On September 29, 1926, the plaintiff deposited with the trustee $25,000 of the 7 per cent. bonds and demanded their conversion into 6 per cent. bonds. The notice was in writing and notice also was given to the defendant. It refused to convert the bonds, taking the position that it had the right to terminate the conversion privilege when it deposited the money with the trustee and published its first notice to redeem on July 31, 1926. Later the plaintiff notified the trustee and the defendant that it had in its possession an additional $48,500 of bonds giving the serial numbers thereof, and demanded their conversion, expressing its readiness, ability, and willingness to tender the bonds if the company would permit their conversion. It pursued the same course with respect to an additional $13,500 of bonds, and all of this occurred more than 10 days prior to the 1st day of November, 1926. The defendant ignored these demands. The plaintiff then surrendered the three blocks of bonds for redemption to the trustee and accepted the payment of the principal and interest according to the amount due on the 7 per cent. bonds, but stated it did so without waiving its rights to damages for the refusal to convert the bonds and accepted the money to mitigate damages. The plaintiff now brings this action to recover the difference in value between the 7 per cent. bonds and the 6 per cent. bonds at the time of the demand, which amounted to $9,667.

It is a common practice for corporations, especially railroads, when executing mortgages to secure the payment of bonds, maturing over a course of several years, and in order to make the investment as attractive as possible to the buying public, to confer upon the holders of such bonds the privilege of converting them, prior to their maturity, into shares of the capital stock of such corporation. And the validity of such a provision has been recognized throughout this country to such an extent that it is needless to cite any authority to support this view.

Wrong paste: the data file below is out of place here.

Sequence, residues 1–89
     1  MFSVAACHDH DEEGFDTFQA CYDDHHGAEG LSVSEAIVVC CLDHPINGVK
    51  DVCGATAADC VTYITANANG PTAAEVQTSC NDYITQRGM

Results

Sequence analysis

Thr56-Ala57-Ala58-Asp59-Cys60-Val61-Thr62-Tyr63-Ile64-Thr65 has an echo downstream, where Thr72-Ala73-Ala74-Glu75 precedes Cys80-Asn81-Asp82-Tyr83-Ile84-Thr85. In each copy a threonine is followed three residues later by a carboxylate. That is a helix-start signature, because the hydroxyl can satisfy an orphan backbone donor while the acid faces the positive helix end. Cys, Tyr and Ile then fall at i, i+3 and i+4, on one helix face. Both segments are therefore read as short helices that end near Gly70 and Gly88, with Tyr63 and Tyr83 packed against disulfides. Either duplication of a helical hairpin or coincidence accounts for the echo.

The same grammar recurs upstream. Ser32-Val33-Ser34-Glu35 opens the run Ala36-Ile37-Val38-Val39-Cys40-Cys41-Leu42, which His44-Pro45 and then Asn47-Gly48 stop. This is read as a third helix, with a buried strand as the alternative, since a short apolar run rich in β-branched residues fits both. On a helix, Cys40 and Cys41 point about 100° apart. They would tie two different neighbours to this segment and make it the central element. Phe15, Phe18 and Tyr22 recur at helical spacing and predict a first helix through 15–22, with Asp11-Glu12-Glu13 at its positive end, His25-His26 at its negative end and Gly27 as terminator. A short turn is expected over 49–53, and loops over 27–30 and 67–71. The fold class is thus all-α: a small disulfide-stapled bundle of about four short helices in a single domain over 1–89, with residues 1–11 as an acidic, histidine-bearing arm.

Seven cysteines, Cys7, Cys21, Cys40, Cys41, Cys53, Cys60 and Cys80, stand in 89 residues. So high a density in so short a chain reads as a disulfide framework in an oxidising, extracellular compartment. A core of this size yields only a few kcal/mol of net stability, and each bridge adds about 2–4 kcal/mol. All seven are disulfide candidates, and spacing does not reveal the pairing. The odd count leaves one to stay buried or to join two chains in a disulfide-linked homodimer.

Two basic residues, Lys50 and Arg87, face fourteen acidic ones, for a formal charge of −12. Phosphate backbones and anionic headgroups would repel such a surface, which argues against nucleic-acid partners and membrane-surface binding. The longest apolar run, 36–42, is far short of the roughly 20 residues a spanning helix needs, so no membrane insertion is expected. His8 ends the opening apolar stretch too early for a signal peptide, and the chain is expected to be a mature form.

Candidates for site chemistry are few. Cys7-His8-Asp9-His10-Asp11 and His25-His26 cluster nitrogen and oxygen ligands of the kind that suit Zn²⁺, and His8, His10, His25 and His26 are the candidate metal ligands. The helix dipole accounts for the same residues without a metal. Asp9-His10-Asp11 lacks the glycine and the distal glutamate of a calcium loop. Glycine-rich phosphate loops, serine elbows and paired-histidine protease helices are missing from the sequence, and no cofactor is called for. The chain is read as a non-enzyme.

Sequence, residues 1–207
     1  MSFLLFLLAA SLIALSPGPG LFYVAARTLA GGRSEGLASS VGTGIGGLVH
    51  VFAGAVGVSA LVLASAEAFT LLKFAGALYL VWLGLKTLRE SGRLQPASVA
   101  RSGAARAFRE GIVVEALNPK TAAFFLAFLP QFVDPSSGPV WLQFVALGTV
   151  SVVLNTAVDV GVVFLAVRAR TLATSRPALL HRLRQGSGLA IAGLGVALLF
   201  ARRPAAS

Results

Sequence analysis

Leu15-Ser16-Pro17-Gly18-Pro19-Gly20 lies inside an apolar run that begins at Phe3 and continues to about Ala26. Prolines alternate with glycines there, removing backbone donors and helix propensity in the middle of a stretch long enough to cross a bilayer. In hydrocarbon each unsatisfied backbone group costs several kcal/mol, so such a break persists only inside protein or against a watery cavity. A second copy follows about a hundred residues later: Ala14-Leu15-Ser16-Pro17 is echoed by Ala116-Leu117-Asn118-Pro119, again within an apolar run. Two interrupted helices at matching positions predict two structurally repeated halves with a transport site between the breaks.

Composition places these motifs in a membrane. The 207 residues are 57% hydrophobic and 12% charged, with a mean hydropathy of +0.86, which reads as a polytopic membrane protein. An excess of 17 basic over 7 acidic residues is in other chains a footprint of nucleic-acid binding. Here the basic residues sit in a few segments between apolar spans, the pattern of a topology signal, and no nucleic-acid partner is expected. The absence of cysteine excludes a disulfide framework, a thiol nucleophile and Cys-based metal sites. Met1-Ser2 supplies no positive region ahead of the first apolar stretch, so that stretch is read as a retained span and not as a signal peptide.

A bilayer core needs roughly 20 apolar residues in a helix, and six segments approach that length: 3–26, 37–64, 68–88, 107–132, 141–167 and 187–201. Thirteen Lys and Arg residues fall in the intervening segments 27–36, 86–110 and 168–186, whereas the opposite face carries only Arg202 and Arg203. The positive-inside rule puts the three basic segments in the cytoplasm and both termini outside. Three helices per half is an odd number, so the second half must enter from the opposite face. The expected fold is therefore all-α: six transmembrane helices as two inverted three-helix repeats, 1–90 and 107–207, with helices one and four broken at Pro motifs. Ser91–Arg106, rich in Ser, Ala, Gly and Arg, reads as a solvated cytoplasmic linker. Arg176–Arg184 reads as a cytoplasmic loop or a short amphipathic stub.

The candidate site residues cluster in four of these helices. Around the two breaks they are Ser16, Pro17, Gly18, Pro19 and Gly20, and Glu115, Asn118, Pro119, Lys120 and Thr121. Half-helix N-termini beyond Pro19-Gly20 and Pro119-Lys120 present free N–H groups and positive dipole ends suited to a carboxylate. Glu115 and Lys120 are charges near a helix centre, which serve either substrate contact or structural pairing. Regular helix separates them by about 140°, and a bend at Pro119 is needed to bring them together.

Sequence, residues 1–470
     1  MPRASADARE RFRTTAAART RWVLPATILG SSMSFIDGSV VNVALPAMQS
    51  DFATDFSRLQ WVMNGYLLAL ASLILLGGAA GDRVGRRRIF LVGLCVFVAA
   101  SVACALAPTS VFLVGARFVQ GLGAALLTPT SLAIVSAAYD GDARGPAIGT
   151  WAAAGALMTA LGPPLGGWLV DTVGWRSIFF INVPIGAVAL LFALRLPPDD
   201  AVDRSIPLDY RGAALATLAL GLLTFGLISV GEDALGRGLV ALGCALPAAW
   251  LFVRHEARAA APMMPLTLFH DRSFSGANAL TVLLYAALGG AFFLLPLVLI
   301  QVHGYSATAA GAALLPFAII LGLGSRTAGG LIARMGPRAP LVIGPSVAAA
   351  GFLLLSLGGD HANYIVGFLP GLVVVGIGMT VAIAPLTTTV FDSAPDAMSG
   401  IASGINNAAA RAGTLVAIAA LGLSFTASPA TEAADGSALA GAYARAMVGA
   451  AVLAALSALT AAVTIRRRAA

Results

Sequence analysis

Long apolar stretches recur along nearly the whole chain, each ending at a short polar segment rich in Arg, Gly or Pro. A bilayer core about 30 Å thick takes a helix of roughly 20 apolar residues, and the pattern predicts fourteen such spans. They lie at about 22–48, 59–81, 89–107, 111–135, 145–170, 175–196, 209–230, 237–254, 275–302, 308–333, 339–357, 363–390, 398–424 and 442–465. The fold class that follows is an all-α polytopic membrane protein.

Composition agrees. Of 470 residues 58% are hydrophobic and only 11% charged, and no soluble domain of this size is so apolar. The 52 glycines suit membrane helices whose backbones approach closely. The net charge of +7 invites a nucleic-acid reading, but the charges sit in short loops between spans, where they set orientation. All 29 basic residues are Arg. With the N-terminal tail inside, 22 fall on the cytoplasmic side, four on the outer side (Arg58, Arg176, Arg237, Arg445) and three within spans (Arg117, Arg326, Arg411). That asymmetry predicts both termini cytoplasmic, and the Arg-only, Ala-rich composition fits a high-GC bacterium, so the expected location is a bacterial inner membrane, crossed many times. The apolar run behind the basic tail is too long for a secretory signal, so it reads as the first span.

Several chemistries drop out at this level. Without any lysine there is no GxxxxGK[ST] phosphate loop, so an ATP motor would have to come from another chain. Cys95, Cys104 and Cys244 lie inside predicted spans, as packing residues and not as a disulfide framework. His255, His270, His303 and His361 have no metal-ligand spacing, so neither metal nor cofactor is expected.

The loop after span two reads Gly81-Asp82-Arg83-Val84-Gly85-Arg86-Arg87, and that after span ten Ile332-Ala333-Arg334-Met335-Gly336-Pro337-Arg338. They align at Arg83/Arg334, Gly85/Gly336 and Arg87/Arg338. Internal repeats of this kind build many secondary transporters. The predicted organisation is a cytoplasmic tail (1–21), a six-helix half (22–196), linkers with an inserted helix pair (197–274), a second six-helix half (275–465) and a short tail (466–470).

When a corporation refuses to convert the bonds in accordance with the contract upon the election and demand of the bond holder, its refusal constitutes a breach of its contract for which the bond holder is entitled to sue for his damages. Chaffee v. Middlesex R. R. Co., 146 Mass. 224, 16 N. E. 34; Bratten v. Catawissa Ry. Co., 211 Pa. 21, 60 A. 319; John Hancock Mut. Life Ins. Co. v. Worcester R. R. Co., 149 Mass. 214, 21 N. E. 364; 33 Cyc. 453; 1 Cook on Corporations (Ed. 1908) p. 772.

The refusal of the corporation to make the conversion at the demand of a bondholder creates in its favor a right of action which does not affect the other bondholders as a class, and it is a right which it may assert without the necessity of resorting to the trustee as an intermediary. The usual requirement for the trustee to prosecute all actions clearly contemplates such actions as are in the interest of the bondholders as a class and is not intended to apply to a single cause of action which cannot affect the bondholders as a class. Pigeon River Ry. Co. v. Champion Fibre Co. (C. C. A.) 280 F. 557. It is true that the rule is well settled that in matters affecting the remedy the court will regard neither the place of making nor place of performance, but will be governed by the law of the state where the remedy is sought, and that in applying the lex fori the federal courts will adjudicate the rights of the parties as will the courts of the state. Pritchard v. Norton, 106 U. S. 124, 1 S. Ct. 102, 27 L. Ed. 104; Hogue-Kellogg Co. v. G. L. Webster Canning Co. (C. C. A.) 22 F.(2d) 384.

The defendant relies on the case of Jones v. Atlantic & Western R. R. Co., 193 N. C. 590, 137 S. E. 706, in support of its contention that the plaintiff has no right to maintain this action. An examination of this case discloses that the reasoning of the decision is based on the proposition that the complaint which asked that all of the property which was embraced in the mortgage be placed in the hands of a receiver and prayed for a winding up of the corporate affairs, taking them completely out of the hands of the trustee, could not be granted. That suit was against the property embraced in the mortgage, while the plaintiff's action here is only to recover a judgment for damages for breach of a...